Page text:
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NY H89990

April 22, 2002

CLA-2-94:RR:NC:SP:230 H89990


TARIFF NO.: Various

Ms. Mary Tippett
Viceroy Homes Limited
414 Croft Street East
Port Hope, Ontario
Canada L1A 4H1

RE: The tariff classification of house packages from Canada; applicability of heading 9406, HTSUS.

Dear Ms. Tippett:

In your letter dated March 25, 2002, you requested a tariff classification ruling.

The goods in question are individual, residential “house packages” prepared by your firm for delivery to specific customers in the United States. Each package is said to include “the required number of doors, windows, shingles and lumber to assemble one house, complete with floors, exterior and interior walls, and roof.”

Specifically, the following items are said to be included in the typical package: floor structure, consisting of floor joists, beams, sill plates, bracing, subfloor sheathing, glue and screws (the foundation is not included); kiln-dried pre-cut 2x6 spruce walls and headers; roof system of either trusses or rafters and high-grade plywood sheathing engineered to requirements (including framing, insulation, vents, shingles and flashing); pre-hung exterior doors, sliding doors and garage doors with hardware; Viceroy manufactured “superwindows” and other hardware such as screws, nails and hangers.

Your firm prepares each house package based on a set of plans developed to meet the needs of the particular buyer. This might typically be done by modifying “stock” plans. When ready for exportation, the average house package is shipped on one to two transport trucks entered together at the border and delivered to the home site. A complete, weather-tight building can then be erected on the site, according to the plans. In your opinion, these house packages are prefabricated buildings and should be classified in heading 9406, Harmonized Tariff Schedule of the United States (HTSUS).

Classification of goods under the HTSUS is made in accordance with the General Rules of Interpretation (GRIs). GRI 1 provides that classification is determined first according to the terms of the headings of the tariff schedule and any relative Section or Chapter notes.

Heading 9406 provides for prefabricated buildings. Note 4 to chapter 94, HTSUS, states:

For the purposes of heading 9406, the expression “prefabricated buildings” means buildings which are finished in the factory or put up as elements, entered together, to be assembled on site, such as housing and worksite accommodation, offices, schools, shops, sheds, garages or similar buildings. (Emphasis added.)

The expression “finished in the factory or put up as elements” refers to structures built in factories. In order to be classified as a prefabricated building of heading 9406, a house package must consist essentially of assembled or unassembled houses built at the factory.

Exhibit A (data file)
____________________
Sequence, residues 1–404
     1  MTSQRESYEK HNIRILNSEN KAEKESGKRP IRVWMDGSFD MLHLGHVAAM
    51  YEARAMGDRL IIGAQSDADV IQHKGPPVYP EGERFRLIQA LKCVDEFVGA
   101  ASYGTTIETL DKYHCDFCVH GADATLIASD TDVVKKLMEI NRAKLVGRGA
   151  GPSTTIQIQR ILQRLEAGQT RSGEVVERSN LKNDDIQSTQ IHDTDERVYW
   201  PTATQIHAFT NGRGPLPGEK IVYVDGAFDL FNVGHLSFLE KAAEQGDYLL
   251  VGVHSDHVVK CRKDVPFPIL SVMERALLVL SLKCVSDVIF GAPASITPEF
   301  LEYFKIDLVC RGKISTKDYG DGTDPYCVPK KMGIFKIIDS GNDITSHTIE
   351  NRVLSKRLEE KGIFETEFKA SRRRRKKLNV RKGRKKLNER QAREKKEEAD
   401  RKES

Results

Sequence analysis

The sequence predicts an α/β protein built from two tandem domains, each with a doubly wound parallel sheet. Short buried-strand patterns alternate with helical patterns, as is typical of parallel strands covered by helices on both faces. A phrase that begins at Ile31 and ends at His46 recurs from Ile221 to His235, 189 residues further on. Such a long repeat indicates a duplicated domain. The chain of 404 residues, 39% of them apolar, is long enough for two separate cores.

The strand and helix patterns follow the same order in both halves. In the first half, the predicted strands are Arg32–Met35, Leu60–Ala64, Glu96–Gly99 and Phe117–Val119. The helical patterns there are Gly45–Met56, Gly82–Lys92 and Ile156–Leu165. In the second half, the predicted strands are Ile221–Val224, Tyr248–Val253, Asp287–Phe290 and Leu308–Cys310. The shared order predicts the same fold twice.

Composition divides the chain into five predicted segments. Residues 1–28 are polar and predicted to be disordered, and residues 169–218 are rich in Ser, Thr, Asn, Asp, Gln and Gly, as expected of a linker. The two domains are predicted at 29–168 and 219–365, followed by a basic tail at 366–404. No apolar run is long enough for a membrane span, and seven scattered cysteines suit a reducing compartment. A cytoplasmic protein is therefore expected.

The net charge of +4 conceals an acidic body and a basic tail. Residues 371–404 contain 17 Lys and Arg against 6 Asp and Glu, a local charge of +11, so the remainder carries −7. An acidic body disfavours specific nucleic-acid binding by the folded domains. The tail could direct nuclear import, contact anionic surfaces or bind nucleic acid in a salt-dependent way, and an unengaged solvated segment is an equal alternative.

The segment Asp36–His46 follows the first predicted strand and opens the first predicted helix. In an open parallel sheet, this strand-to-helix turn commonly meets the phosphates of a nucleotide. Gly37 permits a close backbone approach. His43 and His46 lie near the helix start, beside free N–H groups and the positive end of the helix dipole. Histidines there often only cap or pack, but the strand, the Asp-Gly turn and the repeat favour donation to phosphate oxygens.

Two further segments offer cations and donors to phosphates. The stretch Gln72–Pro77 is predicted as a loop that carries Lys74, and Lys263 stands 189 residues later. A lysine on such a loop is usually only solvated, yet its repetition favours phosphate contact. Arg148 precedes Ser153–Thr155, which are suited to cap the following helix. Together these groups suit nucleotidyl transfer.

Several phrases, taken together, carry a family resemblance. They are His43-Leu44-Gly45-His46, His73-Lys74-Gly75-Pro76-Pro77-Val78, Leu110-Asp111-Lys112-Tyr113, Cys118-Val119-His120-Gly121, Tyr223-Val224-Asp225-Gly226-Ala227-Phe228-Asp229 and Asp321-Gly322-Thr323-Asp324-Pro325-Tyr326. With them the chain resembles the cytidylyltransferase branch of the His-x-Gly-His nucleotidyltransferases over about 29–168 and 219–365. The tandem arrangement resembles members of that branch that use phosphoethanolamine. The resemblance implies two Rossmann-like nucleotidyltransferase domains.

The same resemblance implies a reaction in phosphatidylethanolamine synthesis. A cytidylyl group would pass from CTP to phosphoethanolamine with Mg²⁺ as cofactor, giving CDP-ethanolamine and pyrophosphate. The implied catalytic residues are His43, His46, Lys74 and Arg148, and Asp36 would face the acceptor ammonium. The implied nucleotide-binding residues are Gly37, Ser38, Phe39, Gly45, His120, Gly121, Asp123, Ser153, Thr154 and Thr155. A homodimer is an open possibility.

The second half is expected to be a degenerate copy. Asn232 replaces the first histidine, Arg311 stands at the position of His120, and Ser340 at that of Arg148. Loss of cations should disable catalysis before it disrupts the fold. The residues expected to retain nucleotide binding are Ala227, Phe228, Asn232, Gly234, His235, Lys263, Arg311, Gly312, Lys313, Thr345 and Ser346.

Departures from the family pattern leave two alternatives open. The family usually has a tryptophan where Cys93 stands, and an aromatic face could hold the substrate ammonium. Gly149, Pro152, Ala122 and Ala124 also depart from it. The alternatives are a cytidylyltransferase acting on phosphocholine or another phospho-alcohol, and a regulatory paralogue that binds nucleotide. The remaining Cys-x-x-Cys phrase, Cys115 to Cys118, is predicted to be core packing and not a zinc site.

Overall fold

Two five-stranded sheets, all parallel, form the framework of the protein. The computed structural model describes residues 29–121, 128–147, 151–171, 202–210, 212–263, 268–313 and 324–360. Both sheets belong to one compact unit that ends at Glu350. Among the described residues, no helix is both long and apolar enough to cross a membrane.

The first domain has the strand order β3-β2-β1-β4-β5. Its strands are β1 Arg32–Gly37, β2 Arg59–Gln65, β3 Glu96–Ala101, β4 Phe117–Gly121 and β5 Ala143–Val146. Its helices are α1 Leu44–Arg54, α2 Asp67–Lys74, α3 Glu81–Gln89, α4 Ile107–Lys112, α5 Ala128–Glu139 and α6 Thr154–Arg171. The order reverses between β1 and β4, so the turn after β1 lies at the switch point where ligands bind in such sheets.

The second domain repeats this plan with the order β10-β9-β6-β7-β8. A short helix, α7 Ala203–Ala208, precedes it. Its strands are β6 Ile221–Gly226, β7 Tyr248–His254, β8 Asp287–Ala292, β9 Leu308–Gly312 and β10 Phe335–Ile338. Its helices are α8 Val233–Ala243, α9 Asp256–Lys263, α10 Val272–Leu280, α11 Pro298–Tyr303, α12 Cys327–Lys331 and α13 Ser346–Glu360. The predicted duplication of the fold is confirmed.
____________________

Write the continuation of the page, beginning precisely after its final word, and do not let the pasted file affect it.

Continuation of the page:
Photos and a packing list corresponding to an actual “Aberdeen” model house package accompanied your submission. These show that despite the presence of trusses, doors and windows, the package is essentially a collection of materials necessary for building a house at the site. For example, the package contains numerous pieces of lumber (e.g., 2x10, 2x6, 2x4, etc.), 4’ x 8’ sheets of plywood, and 12’-long pieces of siding. These are in the form of materials, not prefabricated components. In their imported condition, the materials in the package do not possess or exhibit the essential character of the finished structure.

Consequently, the house packages as described above are not classifiable as prefabricated buildings in heading 9406, HTSUS. Each of the materials and components in the house package is classifiable separately in its applicable subheading.

Some of the merchandise in question may be subject to antidumping duties and/or countervailing duties. A list of AD/CVD proceedings at the Department of Commerce (DOC) and their product coverage can be obtained from the DOC website at: http://ia.ita.doc.gov, or you may write to them at the U.S. Department of Commerce, International Trade Administration, Office of Antidumping Compliance, 14th Street and Constitution Avenue, N.W., Washington, DC 20230. Written decisions regarding the scope of AD/CVD orders are issued by the Import Administration in the Department of Commerce and are separate from tariff classification rulings issued by Customs.

The holding set forth above applies only to the specific factual situation and merchandise description as identified in the ruling request. This position is clearly set forth in 19 CFR 177.9(b)(1). This section states that a ruling letter is issued on the assumption that all of the information furnished in the ruling letter, either directly, by reference, or by implication, is accurate and complete in every material respect. This ruling is being issued under the assumption that the subject goods, in their condition as imported into the United States, conform to the facts and the description as set forth both in the ruling request and in this ruling. In the event that the facts or merchandise are modified in any way, you should bring this to the attention of Customs and you should resubmit for a new ruling in accordance with 19 CFR 177.2. You should also be aware that the material facts described in the foregoing ruling may be subject to periodic verification by the Customs Service.

This ruling is being issued under the provisions of Part 177 of the Customs Regulations (19 C.F.R. 177).

A copy of the ruling or the control number indicated above should be provided with the entry documents filed at the time this merchandise is imported. If you have any questions regarding the ruling, contact National Import Specialist Paul Garretto at 646-733-3035.


Robert B. Swierupski

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